Berkeley climber summits Everest in record time, says Nepal rules on the mountain need to change

Roxanne Vogel is one peak short of becoming part of the 7-summit club, an elite group of climbers that have reached the tallest peak in each continent. This December, she will complete the challenging list by climbing Mt. Vinson in Antarctica.

Last week, she arrived in San Francisco with another gold star : a record-breaking climb of Mt. Everest. From sea level to summit, she reached the top in 14 days -- the fastest-known ascent of that mountain.

So, it's an understatement to call Vogel a very serious climber.

A viral photo of the massive and often dangerous lineup on Mt. Everest captured last week shows that many who attempt the perilous course are often not as prepared or as skilled as Vogel. It has been a deadly climbing season in Nepal with 11 deaths in just the month of May. Nepalese officials are now rethinking their permit system, one that has no limits or requirements for experience.

She climbed from the Tibet side, where this year they reduced the number of permits granted by 30 percent.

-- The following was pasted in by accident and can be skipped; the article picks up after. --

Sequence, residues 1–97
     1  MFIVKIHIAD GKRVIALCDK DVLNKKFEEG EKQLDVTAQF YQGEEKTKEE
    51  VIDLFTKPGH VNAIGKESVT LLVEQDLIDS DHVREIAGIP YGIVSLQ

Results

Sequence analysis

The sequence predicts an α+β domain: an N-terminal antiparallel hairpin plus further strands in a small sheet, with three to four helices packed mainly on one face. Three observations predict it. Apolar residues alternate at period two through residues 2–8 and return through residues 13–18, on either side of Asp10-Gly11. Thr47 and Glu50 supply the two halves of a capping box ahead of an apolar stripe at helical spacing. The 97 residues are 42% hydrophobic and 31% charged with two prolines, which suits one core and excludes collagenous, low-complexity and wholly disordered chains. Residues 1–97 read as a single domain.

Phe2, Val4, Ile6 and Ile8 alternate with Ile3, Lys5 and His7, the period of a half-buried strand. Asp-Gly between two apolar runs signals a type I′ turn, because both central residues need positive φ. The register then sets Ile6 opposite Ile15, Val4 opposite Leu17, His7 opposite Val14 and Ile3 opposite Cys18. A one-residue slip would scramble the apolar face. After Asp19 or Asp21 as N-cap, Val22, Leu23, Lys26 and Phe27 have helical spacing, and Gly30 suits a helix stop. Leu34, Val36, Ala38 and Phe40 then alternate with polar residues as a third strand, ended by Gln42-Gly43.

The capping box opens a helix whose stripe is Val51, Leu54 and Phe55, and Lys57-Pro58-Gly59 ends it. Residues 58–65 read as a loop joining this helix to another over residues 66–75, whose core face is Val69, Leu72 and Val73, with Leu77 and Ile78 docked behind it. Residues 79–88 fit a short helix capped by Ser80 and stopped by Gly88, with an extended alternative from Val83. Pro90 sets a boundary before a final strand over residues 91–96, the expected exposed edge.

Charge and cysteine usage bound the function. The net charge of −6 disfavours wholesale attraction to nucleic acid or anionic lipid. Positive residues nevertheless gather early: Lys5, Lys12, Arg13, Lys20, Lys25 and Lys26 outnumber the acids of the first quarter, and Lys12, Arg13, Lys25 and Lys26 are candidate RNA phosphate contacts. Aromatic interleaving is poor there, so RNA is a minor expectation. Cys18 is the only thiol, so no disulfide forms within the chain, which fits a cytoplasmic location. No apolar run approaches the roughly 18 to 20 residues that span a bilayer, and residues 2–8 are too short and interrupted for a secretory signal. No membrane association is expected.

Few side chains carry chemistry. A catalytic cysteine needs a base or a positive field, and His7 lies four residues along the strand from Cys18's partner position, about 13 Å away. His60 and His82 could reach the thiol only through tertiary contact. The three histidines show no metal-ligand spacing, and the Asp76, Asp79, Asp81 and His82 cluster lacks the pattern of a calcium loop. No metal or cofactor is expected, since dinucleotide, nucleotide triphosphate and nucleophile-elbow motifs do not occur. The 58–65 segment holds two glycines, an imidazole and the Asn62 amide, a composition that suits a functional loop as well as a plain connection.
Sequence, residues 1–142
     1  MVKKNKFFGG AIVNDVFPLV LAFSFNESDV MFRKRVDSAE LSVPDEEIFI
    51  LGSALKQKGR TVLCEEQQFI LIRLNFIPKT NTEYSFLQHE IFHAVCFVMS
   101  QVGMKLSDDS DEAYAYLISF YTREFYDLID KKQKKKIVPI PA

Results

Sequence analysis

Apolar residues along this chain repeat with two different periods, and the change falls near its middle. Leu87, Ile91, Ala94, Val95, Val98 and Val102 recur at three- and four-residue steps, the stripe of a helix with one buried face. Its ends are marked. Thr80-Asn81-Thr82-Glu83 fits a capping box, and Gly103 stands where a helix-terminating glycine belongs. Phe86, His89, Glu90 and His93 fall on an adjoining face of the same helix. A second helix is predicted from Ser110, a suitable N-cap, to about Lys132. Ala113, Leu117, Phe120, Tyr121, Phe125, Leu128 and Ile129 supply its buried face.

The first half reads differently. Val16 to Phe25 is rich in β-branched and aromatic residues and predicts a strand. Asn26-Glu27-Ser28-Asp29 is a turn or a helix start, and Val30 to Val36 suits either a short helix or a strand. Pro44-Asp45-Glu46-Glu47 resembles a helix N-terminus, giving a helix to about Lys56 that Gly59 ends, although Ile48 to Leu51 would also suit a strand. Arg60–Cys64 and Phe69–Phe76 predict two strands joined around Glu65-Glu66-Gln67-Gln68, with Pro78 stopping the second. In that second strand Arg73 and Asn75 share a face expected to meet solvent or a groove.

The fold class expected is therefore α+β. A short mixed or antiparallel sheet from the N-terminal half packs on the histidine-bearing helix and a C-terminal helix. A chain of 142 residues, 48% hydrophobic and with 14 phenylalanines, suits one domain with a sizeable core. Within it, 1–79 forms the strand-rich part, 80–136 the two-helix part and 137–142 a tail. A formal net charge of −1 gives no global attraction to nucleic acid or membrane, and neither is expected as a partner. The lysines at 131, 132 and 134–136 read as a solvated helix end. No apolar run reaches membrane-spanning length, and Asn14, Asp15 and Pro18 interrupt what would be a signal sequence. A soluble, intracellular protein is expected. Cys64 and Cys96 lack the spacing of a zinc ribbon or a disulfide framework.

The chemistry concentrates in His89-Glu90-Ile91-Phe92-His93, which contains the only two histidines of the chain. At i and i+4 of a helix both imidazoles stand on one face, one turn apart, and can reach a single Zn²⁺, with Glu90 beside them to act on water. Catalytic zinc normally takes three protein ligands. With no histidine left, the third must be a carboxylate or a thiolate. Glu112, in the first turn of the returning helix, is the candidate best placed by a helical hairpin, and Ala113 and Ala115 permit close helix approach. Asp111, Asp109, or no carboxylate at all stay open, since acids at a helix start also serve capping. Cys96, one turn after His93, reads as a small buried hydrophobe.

"You can absolutely look at the north as the way things ought to be, just that freedom of being in the mountains alone is a feeling unlike anything else. I can't imagine waiting in a line to get to the top to take a picture," she said.

Vogel says it's unfortunate that the climbing community is facing criticism because of all the negative stories around climbing Mt. Everest. She insists that serious climbers respect the process of preparing for the climb and have a deep understanding of the dangers of their sport.

"On my summit day, I saw four bodies. They would be within a few feet of me. So you have to stop and stand there and be next to the body doing what you're doing and it's really eye opening."

She suggests that Nepal require climbers to have health checks and a minimum amount of climbing experience. With six major peaks under her belt, she says it's shocking that some would attempt Mt. Everest as their first mountain.

"It also goes to show that there are other ways to climb the mountain, or doing an accelerated itinerary, it doesn't have to be what you saw on the south this year."
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